Courtesy: National Science Foundation, NBC Learn and The National Football League
Think you know football? Ok, what's a prolate spheroid?NBC Learn, the educational arm of NBC News, has teamed up with the National Science Foundation (NSF) and the National Football League (NFL) to produce this 10-part video series focusing on the science behind NFL football.
This groundbreaking project uses the global spotlight of the NFL games to make science more accessible and more interesting to students, by showing how science helps athletes accomplish their goals by exploring concepts from geometry like the Pythagorean Theorem, physics concepts like torque, velocity and accelleration and more.
By the way, prolate spheroid roughly describes the three-dimensional shape of a football.
This segment looks at the role vectors play every time an NFL quarterback throws a pass. With the help of former NFL quarterback Joey Harrington, NSF-funded scientists explain how to use vectors to calculate the speed and direction needed for a completed pass.
This segment looks at the science of projectile motion and parabolas with the help of former NFL punter Craig Hentrich. NSF-funded scientists explain the significance of vertical and horizontal velocity on the trajectory every time an NFL punter kicks a football into the sky.
This segment looks at the physically demanding pre-season ritual of NFL training camp. Professor Douglas Casa, head of the Korey Stringer Institute at the University of Connecticut, and athletic trainers from the Pittsburgh Steelers explain what NFL players must do to stay hydrated and replenish the essential nutrients needed to maintain good health during rigorous practices.
This segment explores kinematics on the playing field. Scientists Tony Schmitz from the University of Florida and John Ziegert of Clemson University explain how the kinematic concepts of position, velocity and acceleration can be used to define how a running back moves.
In this segment, NBC's Lester Holt explores the prolate spheroid, the three-dimensional shape of a football, and how it helps an NFL quarterback throw a hard, accurate pass.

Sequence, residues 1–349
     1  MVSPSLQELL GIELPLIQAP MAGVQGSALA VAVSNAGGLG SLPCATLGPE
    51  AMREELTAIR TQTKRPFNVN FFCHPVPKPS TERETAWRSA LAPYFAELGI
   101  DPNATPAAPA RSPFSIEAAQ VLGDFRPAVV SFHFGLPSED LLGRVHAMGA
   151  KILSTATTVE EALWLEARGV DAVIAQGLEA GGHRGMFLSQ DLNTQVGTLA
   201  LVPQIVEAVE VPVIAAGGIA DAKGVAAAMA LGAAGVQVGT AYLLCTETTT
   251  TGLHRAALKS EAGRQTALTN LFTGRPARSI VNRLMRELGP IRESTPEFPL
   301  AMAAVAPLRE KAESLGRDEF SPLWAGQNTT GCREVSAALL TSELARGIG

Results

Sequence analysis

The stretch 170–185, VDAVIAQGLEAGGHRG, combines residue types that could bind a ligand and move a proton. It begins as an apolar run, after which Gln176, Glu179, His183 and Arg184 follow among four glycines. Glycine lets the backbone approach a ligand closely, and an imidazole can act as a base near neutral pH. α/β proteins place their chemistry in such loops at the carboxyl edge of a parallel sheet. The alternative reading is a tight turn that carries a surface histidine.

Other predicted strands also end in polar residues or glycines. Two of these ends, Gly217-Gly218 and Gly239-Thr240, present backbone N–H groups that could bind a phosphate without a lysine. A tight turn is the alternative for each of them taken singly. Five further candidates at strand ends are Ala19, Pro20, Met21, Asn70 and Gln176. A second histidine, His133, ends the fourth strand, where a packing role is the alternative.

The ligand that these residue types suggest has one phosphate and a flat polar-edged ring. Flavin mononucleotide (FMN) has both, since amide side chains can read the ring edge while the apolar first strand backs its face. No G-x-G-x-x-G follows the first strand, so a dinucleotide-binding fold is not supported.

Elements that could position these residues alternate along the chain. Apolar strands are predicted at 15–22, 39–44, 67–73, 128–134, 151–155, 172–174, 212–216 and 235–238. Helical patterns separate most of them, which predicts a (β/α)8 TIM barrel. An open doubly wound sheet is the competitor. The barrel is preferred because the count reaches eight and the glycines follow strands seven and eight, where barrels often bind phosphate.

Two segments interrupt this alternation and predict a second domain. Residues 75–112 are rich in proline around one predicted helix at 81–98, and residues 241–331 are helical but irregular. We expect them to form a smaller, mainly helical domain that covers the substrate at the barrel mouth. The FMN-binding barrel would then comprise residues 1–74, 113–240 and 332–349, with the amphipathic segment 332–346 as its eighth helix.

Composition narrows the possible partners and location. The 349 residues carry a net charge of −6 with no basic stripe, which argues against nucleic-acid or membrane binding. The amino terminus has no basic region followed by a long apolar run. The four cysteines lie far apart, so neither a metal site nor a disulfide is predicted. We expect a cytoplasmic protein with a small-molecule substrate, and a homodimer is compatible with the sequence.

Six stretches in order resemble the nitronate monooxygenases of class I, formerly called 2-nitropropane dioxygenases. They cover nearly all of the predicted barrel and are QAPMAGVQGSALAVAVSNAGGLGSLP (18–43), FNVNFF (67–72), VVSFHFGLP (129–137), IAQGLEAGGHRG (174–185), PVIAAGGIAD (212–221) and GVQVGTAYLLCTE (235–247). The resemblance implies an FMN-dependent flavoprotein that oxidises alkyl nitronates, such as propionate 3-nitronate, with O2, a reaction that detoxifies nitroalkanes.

In this segment, NBC's Lester Holt looks at Newton's First Law of Motion and the role that unbalanced forces play whenever a ball carrier goes head to head with a defender.
NBC's Lester Holt and former NFL kicker, Morten Andersen, look at what's really behind powerful field goal kicks--Newton's Second Law of Motion.
NBC's Lester Holt looks at Newton's Third Law of Motion and the role that conservation of momentum plays whenever players collide on the football field, with former NFL linebacker Hardy Nickerson, Tony Schmitz of the University of Florida and Jim Gates of the University of Maryland.
NBC's Lester Holt looks at how the physics concepts of torque and center of mass are applied in football by some of the games most massive players--the offensive linemen.
In the last segment of this video series, Lester Holt explores the path a defender must take in order to tackle a ball carrier, and how this distance--called the "angle of pursuit"--can be calculated by using the Pythagorean Theorem to find the hypotenuse of a right triangle, and the distance of a defender's angle of pursuit.
NBC Learn is the educational arm of NBC News dedicated to providing resources for students, teachers, and lifelong learners. The online resources NBC Learn has created for the education community leverages nearly 80 years of historic news coverage, documentary materials, and current news broadcasts. Currently two offerings, NBC Learn K12 and NBC Learn Higher Ed, give students and teachers access to thousands of video clips from the NBC News archives, including great historic moments--from the Great Depression to the Space Race to the latest political coverage. NBC Learn also offers primary source materials, lesson plans and classroom planning resources, and additional text and image resources from our content partners. For more information, visit www.nbclearn.com.
The National Science Foundation (NSF) is an independent federal agency that supports fundamental research and education across all fields of science and engineering. In fiscal year (FY) 2010, its budget is about $6.9 billion. NSF funds reach all 50 states through grants to nearly 2,000 universities and institutions. Each year, NSF receives over 45,000 competitive requests for funding, and makes over 11,500 new funding awards. NSF also awards over $400 million in professional and service contracts yearly.